1. Limited time only! Sign up for a free 30min personal tutor trial with Chegg Tutors
    Dismiss Notice
Dismiss Notice
Join Physics Forums Today!
The friendliest, high quality science and math community on the planet! Everyone who loves science is here!

Principle of least action?

  1. Nov 1, 2014 #1

    please if somebody could explain why anybody would consider the "action" and is there any proof that the minimal action actually gives the correct route of a problem?
  2. jcsd
  3. Nov 1, 2014 #2
    It is considered because it works.

    If you are asking what motivated Hamilton in the first place, well, that is a tough question. He had a lot of time on his hands since his job as Irish Royal Astronomer was not very demanding.
  4. Nov 1, 2014 #3
    hehe I bet he did but I think that Lagrange did most of the important work on this subject.
  5. Nov 2, 2014 #4


    Staff: Mentor

    I recommend Prof. Leonard Susskind's video lectures on Classical Physics. You can find them on youtube or itunes.

    He derives the principle of least action on the blackboard using the calculus of variations. He also shows where the Euler-Lagrange equation comes from and how we use that to derive the laws of motion. If I remember correctly, he also shows how to derive Noerther's Theorem from the calculus of variations.

    Susskind is a great teacher. The video production quality is excellent. I've been having fun for the past 18 months by spending 15 minutes per day working through his 165 online lectures.
  6. Nov 2, 2014 #5
    great, thanks a lot on that info that's exactly what I needed. Susskind is a funny guy :)
  7. Nov 2, 2014 #6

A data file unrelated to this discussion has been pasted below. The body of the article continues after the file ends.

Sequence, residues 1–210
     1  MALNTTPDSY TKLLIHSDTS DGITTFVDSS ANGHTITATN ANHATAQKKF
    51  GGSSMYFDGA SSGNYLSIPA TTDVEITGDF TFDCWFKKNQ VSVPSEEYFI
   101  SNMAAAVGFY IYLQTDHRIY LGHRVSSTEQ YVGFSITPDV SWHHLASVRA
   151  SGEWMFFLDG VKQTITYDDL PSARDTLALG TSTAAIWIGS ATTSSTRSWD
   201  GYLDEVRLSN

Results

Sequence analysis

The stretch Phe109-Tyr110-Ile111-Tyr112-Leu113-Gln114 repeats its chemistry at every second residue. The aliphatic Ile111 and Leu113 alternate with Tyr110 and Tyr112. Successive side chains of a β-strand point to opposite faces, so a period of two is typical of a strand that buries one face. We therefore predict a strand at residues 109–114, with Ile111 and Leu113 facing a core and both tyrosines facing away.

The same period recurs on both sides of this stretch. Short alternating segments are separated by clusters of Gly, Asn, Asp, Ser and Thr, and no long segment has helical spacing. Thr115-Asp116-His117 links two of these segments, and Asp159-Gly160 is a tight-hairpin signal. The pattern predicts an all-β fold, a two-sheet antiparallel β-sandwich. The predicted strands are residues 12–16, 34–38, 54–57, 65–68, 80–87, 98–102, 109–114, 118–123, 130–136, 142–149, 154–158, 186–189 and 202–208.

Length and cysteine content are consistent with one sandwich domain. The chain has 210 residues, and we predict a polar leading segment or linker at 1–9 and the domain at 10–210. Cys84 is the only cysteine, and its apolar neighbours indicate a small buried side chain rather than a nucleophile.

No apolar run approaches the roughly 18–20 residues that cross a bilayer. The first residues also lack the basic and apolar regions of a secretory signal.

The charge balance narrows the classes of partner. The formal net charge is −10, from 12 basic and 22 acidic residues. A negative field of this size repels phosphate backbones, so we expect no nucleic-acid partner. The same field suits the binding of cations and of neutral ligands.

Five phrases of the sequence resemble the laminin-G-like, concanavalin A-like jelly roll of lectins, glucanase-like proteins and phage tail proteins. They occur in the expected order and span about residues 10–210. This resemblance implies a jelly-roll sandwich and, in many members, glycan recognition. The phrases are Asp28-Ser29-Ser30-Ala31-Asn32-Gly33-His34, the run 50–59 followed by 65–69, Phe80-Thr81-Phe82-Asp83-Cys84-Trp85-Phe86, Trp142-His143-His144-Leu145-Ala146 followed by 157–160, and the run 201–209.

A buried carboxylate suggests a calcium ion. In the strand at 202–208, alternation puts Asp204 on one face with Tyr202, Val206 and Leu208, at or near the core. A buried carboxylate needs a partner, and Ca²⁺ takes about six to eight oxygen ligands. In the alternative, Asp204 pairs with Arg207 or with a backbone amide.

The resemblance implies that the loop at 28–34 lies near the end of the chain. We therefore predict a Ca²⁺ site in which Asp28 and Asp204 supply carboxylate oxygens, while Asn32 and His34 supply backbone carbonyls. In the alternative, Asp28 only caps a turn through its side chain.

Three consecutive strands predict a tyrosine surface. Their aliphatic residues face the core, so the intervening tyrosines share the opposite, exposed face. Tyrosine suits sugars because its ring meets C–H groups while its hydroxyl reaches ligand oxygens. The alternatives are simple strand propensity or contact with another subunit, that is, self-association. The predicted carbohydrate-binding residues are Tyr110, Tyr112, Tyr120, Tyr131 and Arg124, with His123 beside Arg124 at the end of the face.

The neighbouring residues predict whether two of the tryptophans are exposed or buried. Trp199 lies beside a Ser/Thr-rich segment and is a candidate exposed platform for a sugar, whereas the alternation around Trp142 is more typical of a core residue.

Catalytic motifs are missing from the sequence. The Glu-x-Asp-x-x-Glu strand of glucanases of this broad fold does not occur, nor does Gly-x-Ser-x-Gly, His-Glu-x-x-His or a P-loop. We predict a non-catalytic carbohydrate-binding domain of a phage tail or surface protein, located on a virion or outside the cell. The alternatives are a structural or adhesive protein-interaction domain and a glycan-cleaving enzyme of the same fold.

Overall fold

User Avatar
    Gold Member

    That's wrong! You can't derive the principle of least action using calculus of variations.
    The principle of least action states that of all possible evolutions of a system, the one that is realized is the one for which the action is stationary. Now people ask how should we make the action stationary? Here comes the calculus of variations!

    The principle of least action dates back to the days that people thought about science in a way that was too concerned with theology. They said because god does things the best way, the economic way, so in the things that happen in nature, something is minimum and somehow they found that something to be action. Then it appeared that this is actually a very useful way so the method remained without those theological things! So basically we say its correct because it works.
  8. Nov 2, 2014 #7


    Staff: Mentor

    When it comes right down to it, that is the reason that we do anything in physics.
  9. Nov 2, 2014 #8


    User Avatar
    Gold Member

    And that's exactly what students should learn. Physicists are trying to understand what's happening inside a black box-the universe-and they only can do different things to it and see how it reacts. Then they build models somehow that if they do the same thing to that model, it reacts the same way. Then, the more actions on the black box and more reactions seen from it, the more complete the model becomes and more clearly we can see inside the black box. That's the whole business.
    But it should be noted that this method doesn't guarantee that the model is exactly how the black box's inner structure is. It only assures we have something that behaves exactly as the black box. Its another question whether the model can be made exactly as the black box or not or how should it be done!
Share this great discussion with others via Reddit, Google+, Twitter, or Facebook